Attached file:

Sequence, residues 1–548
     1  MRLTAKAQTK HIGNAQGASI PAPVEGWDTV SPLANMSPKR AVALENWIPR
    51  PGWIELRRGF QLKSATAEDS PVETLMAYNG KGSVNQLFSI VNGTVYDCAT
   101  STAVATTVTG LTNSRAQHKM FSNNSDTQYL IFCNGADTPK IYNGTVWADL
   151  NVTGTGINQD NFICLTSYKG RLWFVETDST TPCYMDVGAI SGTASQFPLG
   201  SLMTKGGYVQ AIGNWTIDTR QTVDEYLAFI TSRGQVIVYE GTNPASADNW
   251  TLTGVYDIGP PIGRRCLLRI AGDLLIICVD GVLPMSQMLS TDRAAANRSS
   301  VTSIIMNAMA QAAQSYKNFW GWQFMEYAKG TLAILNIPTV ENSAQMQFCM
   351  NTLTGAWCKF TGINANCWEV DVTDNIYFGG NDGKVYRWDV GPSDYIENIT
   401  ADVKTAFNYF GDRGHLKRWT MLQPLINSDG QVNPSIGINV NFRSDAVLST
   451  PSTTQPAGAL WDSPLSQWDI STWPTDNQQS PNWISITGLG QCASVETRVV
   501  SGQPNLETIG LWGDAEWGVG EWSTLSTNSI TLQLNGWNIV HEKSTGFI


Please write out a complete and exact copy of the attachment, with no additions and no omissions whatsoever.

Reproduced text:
Sequence, residues 1–548
     1  MRLTAKAQTK HIGNAQGASI PAPVEGWDTV SPLANMSPKR AVALENWIPR
    51  PGWIELRRGF QLKSATAEDS PVETLMAYNG KGSVNQLFSI VNGTVYDCAT
   101  STAVATTVTG LTNSRAQHKM FSNNSDTQYL IFCNGADTPK IYNGTVWADL
   151  NVTGTGINQD NFICLTSYKG RLWFVETDST TPCYMDVGAI SGTASQFPLG
   201  SLMTKGGYVQ AIGNWTIDTR QTVDEYLAFI TSRGQVIVYE GTNPASADNW
   251  TLTGVYDIGP PIGRRCLLRI AGDLLIICVD GVLPMSQMLS TDRAAANRSS
   301  VTSIIMNAMA QAAQSYKNFW GWQFMEYAKG TLAILNIPTV ENSAQMQFCM
   351  NTLTGAWCKF TGINANCWEV DVTDNIYFGG NDGKVYRWDV GPSDYIENIT
   401  ADVKTAFNYF GDRGHLKRWT MLQPLINSDG QVNPSIGINV NFRSDAVLST
   451  PSTTQPAGAL WDSPLSQWDI STWPTDNQQS PNWISITGLG QCASVETRVV
   501  SGQPNLETIG LWGDAEWGVG EWSTLSTNSI TLQLNGWNIV HEKSTGFI